Tough parenting talk this week with my partner. No surprise – I am a control freak, trying to continuously arrange reactions in our family triangle, anticipate effects, offering solutions that work for me. When you hear it from the person you love the most, who is speaking to you from the heart, looking into your eyes and trying hard not to go away from the discussion with such a pigheaded person, “my love, you have to allow me to screw up as a parent as well.” When those words are filled with such grief at the inability to go past your constant barricades of control, something snaps. At least something snapped in me. It was like in that moment I stepped outside of myself and watched the two of us talking – she, trying to lovingly give me one last warning and me, continuing to look for ways to control, to disguise that control into coaching, questions, suggestions and all of these discussion wannabes that hide my disease. From outside of myself, in that instant, I saw what I was doing and I just made myself be silent. There was no more to be said. She was right – trust means letting go of the reigns every now and again. There is no recipe for how life must be lived and I sure as hell don’t have any: what kind of relevant scenarios would I build anyway?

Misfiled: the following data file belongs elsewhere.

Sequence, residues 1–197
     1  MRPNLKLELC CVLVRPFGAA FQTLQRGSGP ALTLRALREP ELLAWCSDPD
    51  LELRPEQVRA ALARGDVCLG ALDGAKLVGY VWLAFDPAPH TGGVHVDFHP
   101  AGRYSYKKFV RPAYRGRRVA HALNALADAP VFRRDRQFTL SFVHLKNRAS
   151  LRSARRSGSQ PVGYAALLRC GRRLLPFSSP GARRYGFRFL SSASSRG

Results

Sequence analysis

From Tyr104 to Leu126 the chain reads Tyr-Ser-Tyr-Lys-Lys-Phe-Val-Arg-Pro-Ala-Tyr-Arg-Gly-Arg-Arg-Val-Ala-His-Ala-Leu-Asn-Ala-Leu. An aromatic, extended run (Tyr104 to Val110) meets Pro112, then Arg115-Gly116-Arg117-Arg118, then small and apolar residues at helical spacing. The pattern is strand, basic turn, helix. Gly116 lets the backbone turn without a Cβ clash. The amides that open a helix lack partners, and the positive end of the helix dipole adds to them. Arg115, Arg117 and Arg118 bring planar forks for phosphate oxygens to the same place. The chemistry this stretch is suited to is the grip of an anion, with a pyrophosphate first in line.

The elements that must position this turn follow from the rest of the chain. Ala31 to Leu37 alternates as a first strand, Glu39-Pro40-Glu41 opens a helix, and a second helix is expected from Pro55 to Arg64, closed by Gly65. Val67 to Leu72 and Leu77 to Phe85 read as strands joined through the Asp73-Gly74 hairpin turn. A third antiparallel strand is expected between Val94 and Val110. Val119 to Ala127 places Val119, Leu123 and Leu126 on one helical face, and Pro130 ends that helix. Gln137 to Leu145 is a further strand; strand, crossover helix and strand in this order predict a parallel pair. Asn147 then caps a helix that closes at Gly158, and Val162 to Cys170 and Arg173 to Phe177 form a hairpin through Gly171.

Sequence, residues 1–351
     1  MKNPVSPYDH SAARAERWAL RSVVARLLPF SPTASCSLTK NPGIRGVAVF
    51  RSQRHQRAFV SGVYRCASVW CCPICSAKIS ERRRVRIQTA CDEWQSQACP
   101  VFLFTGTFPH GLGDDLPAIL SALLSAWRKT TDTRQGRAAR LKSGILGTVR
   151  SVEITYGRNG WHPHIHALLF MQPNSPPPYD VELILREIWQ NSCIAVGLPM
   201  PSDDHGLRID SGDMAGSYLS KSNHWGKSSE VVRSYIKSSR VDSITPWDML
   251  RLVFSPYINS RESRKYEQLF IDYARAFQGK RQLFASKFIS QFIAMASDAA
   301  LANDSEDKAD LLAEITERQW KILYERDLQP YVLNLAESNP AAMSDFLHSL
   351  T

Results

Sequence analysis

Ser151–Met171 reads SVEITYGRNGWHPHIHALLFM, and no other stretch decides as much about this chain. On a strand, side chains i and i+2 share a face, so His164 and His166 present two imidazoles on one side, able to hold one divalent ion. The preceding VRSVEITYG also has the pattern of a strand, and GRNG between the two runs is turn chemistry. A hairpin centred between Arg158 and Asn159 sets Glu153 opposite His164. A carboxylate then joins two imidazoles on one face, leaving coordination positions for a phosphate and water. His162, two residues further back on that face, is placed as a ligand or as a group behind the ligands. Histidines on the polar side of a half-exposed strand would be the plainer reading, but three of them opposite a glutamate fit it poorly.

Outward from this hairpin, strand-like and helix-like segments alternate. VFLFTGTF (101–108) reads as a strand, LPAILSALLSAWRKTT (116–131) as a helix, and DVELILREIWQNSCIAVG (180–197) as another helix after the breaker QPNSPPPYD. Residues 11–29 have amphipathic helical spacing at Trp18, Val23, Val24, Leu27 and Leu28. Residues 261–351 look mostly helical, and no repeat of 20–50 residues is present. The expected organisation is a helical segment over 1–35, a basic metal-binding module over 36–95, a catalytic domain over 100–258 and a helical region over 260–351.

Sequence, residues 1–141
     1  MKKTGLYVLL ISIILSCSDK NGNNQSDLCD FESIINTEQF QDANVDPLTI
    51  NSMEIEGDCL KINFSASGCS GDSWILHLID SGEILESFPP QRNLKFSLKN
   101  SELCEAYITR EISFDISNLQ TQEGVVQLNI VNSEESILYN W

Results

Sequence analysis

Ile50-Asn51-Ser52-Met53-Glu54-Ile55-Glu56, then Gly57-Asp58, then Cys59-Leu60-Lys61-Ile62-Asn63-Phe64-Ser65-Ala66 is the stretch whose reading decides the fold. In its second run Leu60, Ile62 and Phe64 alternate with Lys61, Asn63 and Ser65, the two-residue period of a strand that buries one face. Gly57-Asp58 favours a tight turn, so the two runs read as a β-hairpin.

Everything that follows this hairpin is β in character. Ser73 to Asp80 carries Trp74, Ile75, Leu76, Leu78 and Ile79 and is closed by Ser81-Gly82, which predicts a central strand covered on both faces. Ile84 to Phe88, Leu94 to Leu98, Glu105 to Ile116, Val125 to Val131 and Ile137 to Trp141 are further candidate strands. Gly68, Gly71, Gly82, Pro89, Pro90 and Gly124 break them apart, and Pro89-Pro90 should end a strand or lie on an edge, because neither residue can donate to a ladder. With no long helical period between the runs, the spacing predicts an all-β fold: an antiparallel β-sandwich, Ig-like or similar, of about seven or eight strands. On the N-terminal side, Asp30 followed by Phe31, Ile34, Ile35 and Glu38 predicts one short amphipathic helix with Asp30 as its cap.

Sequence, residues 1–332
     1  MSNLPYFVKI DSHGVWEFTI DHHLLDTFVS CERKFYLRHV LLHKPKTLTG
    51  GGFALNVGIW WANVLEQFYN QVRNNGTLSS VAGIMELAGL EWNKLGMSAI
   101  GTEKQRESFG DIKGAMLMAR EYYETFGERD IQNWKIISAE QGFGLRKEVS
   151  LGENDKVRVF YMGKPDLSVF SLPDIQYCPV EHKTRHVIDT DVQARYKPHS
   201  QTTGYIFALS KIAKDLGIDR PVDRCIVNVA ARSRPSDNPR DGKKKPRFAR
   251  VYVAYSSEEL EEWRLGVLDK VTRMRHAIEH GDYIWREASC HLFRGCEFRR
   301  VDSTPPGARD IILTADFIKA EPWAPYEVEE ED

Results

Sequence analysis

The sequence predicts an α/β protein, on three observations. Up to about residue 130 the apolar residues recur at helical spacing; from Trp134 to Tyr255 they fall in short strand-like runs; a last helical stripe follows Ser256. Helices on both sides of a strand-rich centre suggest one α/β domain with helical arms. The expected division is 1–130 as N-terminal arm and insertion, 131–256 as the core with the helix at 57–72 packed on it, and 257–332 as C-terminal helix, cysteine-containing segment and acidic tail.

“I am beginning to unlearn what I used to believe about control and love. Now I think that maybe control is not love. I think that control might actually be the opposite of love, because control leaves no room for trust—and maybe love without trust is not love at all. I am beginning to play with the idea that love is trusting that other people Feel, Know, and Imagine, too. Maybe love is respecting what your people feel, trusting that they know, and believing that they have their own unseen order for their lives pressing through their own skin.
Maybe my role with the people I love is not imagining the truest, most beautiful life for them and then pushing them toward it. Maybe I’m just supposed to ask what they feel and know and imagine. And then, no matter how different their unseen order is from mine, ask what I can do to support their vision.
Trusting people is terrifying. Maybe if love is not a little scary and out of our control, then it is not love at all.
It is wild to let others be wild.”
― Glennon Doyle, Untamed
I feel I have gone half way – I realize my problem. The rest of the way is completely uphill and, knowing my way of digging out of holes I put myself into I will probably go two steps up, fall three down, have to rest four days before I take another step. I am going to write it, in spite of my shaking hands: there is no guarantee I will ever get out of the hole. All I can say is that today I am noticing it and what seems to be at the other side of it is starting to feel like freedom. I can only hope that the smell of the latter, that one of a summer morning after a night rain, will propell me into taking more steps up and not looking down.